If you died tomorrow, how hard would it be for your loved ones to get access to your key legal documents (will, trusts and the like) and financial accounts? Do you even have the basic legal documents drawn up?
You should have multiple copies of key documents plus account information and online access passwords. Increasingly, these are going to be computer files. Keep one set on your home computer, and back it up either on an external hard drive or on a cloud computing backup service. Provide access information to the appropriate family members. Then -- and this is much easier said than done -- regularly update these files so they are always current.
No. 5: Consider your legacy
There is no common yardstick to use in measuring the impact we've had on the world during our lives. Most likely, however, you have your own yardstick. What does it tell you? How do you measure up to your own standards? Are there things you still believe you should be doing to satisfy your expectations? Believe me, this is not something you want to wait until your final days to do. Maybe a frank look in the mirror will cause you to make some major changes in your life. Maybe it will reaffirm you've been on the right path all along.
No. 6: Determine your final wishes
Social scientists who have studied people in their final days report how helpful it is when a person has made the key decisions about the end of their life well in advance. Often, people are not able to make sound decisions as they near death because they have physical and mental impairments that make such work impossible. Their families may have to make these calls for them, which adds a lot of stress to what is already a difficult situation.
So, would you like to die at home, in a hospital or perhaps in a hospice facility (you can have hospice at home or in a hospital)? Have you executed the proper documents providing your spouse or a family member with the authority to make medical decisions should you become incapacitated? Does this person know your preferences for end-of-life care? Do you want to be buried or cremated, or perhaps donate your body to science? Is there a final resting place you have in mind? Who's going to provide an obituary to your hometown newspaper, and what do you want it to say?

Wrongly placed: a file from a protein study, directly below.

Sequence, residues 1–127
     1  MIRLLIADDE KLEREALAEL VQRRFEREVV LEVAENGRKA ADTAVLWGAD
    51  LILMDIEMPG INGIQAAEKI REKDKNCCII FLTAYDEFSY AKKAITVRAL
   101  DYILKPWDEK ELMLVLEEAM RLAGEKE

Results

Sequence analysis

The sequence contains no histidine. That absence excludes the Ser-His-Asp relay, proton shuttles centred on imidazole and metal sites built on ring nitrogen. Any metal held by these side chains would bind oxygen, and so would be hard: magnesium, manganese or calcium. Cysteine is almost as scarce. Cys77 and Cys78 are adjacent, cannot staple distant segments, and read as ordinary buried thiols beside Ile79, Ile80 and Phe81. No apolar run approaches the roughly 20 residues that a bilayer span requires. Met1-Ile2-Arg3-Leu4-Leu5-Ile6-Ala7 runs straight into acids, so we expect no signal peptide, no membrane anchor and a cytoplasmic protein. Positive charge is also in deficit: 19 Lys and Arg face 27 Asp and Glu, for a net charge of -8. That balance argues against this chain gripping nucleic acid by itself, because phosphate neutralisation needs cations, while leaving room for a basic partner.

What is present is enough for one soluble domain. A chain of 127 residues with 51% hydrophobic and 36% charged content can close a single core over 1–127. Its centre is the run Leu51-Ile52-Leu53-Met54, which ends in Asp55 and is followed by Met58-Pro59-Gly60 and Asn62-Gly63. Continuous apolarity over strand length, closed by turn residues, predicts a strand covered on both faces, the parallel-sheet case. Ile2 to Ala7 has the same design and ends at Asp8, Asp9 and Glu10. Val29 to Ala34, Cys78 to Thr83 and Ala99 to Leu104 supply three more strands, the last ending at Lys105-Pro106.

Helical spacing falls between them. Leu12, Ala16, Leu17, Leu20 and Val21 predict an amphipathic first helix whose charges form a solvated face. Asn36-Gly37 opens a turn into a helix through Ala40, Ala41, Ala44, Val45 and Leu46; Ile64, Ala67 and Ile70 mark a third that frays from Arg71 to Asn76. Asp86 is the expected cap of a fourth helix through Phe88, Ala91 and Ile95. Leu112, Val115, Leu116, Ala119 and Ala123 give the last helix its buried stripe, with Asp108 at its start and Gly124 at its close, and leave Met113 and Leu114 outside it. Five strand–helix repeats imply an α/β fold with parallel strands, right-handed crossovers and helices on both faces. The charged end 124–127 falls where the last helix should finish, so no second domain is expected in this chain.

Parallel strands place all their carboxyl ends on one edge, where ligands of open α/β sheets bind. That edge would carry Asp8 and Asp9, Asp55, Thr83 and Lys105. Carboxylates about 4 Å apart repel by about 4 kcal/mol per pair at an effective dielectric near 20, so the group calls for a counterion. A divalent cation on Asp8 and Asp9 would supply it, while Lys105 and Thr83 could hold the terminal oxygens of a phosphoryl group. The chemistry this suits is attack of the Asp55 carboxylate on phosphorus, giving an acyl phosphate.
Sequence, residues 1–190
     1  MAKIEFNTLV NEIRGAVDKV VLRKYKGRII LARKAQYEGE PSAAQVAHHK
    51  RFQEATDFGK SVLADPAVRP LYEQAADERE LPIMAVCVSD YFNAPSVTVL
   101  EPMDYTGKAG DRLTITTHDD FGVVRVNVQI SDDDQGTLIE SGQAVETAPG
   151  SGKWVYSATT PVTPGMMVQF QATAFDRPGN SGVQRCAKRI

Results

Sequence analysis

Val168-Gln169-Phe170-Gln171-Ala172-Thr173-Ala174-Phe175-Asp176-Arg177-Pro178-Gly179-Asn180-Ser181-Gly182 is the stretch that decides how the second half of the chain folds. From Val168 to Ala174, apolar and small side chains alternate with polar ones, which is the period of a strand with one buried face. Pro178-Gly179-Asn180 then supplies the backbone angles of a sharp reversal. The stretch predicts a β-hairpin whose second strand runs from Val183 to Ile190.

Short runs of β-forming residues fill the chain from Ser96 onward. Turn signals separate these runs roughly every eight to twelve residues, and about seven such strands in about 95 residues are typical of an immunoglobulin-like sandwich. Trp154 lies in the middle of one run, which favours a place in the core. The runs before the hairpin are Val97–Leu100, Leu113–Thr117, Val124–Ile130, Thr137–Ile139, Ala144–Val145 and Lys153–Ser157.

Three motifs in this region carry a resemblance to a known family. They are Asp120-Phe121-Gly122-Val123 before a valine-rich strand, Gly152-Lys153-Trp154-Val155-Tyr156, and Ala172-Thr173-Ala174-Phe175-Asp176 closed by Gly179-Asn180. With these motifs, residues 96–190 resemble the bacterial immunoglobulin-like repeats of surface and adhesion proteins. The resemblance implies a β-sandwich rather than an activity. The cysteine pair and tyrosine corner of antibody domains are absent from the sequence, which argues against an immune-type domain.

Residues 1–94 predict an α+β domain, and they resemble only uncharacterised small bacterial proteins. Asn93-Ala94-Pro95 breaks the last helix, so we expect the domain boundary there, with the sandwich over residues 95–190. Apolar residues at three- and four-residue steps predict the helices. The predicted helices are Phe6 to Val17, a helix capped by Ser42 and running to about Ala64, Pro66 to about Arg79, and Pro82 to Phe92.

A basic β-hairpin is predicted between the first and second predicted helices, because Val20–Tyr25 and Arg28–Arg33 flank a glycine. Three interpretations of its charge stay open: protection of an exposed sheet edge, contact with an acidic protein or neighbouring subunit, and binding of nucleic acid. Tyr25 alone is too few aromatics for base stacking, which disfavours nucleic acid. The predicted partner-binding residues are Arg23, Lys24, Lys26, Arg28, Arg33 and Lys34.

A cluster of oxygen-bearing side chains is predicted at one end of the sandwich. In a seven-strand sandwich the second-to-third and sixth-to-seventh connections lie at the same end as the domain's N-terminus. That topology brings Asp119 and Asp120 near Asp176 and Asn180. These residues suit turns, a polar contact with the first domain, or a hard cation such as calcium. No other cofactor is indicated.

Setting aside time to make these decisions will hardly rank among your happiest memories. But you will provide your family an invaluable gift -- allowing them to focus on the loving aspects of your life, not the hassles of wondering how you'd like things handled when you die.
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No matter what your age, do your best and save as much money as you can. Even a small retirement nest egg is better than no money at all.
Don't worry about what others have and what you do have. Enjoy your life and don't listen to all the people who say it can be done.
I am looking forward to a simple retirement of doing what I want, when I want. My garden, the grand kids and time spent with my wife.
I am lucky. I had parents who taught me the importance of living within your mean, having a budget, working hard, and putting some money away for a rainy day. I started saving when I was a teenager. When I was young I put my money into savings and checking accounts, CD's, government bonds, and money market funds. The interest rates were much higher then and I made good income on my investments.
When I was in my thirties I learned to invest in stock, bonds, mutual funds, annuities, and other investment vehicles. I took advantage on my companies 401K plan match and also funded my IRA account. Like my parents I lived through recessions, political upheaval, government instability, and corporate downsizing. I lost my job several times and had to start over.